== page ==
And their triumphs continued:
THE OTHER OPENING
In the world of Carnival Rex is a powerful monarch. And the arrival at the opera house showed just how powerful. He was able to interrupt an opera with the obvious support of the event’s organizers. One might suspect, as is true today, that the men of Rex were on many important boards including, in this case, having some stroke in the theater.
For whatever the connections might have been, the presence of "Aida" seemed to have touched off a bout of Egyptian mania around town.
One more curiosity: Depending on who is doing the counting, the debuts on "Aida" and Rex are even closer than originally believed. Giuseppe Verdi did not consider the Cairo performance to be the official premiere. He protested that the event was a closed affair and not open to the public. To Verdi the real premiere was when his opera opened at the glistening LaScala opera house in Milan. Not only were there general tickets sales but, unlike in the Cairo presentation, superstar Teresa Stolz – an operatic sensation who Verdi had in mind when he wrote the lead role – performed. The date of that event was Feb. 8, 1872, five days before the Rex debut.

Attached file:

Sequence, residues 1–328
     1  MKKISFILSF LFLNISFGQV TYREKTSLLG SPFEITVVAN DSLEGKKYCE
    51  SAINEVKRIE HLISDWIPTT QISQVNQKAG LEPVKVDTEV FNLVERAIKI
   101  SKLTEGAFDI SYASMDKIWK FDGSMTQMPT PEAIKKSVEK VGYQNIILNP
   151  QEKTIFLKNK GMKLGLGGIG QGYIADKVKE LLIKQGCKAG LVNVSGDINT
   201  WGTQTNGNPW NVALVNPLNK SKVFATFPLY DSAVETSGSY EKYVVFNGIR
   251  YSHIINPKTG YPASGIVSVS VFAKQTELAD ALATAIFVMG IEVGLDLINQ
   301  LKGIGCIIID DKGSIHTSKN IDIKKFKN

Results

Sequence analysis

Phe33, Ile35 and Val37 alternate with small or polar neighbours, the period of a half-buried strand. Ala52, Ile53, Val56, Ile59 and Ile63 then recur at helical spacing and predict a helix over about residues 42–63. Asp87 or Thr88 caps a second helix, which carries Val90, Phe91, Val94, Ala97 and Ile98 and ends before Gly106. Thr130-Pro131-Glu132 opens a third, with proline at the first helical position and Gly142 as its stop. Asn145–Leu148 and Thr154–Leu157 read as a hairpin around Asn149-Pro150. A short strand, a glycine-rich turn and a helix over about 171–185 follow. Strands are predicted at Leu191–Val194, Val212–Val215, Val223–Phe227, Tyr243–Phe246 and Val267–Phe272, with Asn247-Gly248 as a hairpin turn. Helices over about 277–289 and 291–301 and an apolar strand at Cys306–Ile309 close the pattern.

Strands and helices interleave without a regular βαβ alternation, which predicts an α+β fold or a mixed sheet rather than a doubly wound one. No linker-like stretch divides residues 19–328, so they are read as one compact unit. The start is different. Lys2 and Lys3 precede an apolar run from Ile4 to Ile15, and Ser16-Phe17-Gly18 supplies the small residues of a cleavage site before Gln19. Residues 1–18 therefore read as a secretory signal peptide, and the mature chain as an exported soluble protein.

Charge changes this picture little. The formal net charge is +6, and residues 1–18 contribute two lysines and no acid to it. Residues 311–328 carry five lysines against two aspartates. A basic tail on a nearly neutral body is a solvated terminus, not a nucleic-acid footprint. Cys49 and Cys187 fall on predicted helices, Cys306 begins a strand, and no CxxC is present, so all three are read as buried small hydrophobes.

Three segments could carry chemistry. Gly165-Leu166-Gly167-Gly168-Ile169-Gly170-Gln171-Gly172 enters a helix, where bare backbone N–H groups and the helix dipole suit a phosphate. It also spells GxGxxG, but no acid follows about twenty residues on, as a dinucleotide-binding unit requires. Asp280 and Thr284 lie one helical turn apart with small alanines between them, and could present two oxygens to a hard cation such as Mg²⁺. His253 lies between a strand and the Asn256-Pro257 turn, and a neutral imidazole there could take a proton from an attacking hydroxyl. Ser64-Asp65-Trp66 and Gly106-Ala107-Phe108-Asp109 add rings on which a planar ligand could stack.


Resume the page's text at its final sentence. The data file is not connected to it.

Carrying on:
Historic parallels are little more than a collection of trivia without learning from them. The sagas of "Aida" and Rex give a glimpse of the sense of style among the better-educated men of the Victorian age. Schooled in the classics and raised with a sense of mission their life was also filled with battles. Aida, the character, suffered from slavery, lost love, discrimination and war. The men of Rex, living in a period still referred to as “Reconstruction,” had in the previous decade experienced the hardships of a great civil war. Now was the time for peace and civility. For the moment two rivers, the Nile and the Mississippi, flowed as one.
This article is from New Orleans Magazine editor and Carnival historian Errol Laborde's weekly blog on MyNewOrleans.com. Read more of Laborde's Carnival coverage in New Orleans Magazine or at MyNewOrleans.com and look for more Carnival stories from him here and on WWL-TV Channel 4 and on the Eyewitness Morning News on WUPL-TV Channel 54.